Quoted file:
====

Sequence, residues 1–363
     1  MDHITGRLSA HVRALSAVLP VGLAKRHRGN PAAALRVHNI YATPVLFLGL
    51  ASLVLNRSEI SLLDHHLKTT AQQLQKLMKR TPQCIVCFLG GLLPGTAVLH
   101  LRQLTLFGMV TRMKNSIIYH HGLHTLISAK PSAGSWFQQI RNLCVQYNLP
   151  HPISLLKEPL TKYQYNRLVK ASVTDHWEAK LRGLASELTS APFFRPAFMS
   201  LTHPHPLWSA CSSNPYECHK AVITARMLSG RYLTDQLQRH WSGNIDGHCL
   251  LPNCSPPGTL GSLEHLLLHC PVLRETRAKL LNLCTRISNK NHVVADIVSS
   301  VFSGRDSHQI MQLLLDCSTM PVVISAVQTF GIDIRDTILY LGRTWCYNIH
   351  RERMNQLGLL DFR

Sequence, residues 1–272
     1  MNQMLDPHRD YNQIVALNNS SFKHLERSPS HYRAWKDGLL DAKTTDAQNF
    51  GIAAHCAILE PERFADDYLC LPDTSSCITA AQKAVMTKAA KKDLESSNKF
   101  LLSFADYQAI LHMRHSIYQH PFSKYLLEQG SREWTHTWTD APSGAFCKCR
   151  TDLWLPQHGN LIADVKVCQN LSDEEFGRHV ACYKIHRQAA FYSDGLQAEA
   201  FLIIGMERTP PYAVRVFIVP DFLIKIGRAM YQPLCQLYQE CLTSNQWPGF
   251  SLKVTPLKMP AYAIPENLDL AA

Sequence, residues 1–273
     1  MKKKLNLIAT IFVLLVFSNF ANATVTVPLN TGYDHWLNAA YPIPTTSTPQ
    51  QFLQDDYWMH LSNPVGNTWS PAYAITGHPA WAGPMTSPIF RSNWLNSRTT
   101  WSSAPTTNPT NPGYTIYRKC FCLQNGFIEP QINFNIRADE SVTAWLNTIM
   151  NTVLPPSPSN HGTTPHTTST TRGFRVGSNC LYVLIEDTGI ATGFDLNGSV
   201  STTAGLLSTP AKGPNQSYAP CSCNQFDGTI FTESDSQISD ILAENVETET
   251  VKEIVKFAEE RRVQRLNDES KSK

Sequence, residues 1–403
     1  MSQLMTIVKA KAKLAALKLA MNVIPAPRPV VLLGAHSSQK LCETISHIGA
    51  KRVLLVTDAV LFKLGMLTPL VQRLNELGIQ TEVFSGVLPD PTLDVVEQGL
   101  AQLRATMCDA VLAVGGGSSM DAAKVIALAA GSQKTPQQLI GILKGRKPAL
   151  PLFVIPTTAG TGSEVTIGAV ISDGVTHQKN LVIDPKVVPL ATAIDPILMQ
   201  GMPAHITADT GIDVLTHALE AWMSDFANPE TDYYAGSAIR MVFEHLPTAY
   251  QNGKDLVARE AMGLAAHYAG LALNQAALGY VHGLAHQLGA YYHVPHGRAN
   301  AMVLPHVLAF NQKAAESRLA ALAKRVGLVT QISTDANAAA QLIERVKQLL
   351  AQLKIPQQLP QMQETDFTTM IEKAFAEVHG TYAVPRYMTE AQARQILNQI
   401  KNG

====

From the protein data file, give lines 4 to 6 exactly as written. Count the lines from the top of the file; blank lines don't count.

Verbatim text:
   101  LRQLTLFGMV TRMKNSIIYH HGLHTLISAK PSAGSWFQQI RNLCVQYNLP
   151  HPISLLKEPL TKYQYNRLVK ASVTDHWEAK LRGLASELTS APFFRPAFMS
   201  LTHPHPLWSA CSSNPYECHK AVITARMLSG RYLTDQLQRH WSGNIDGHCL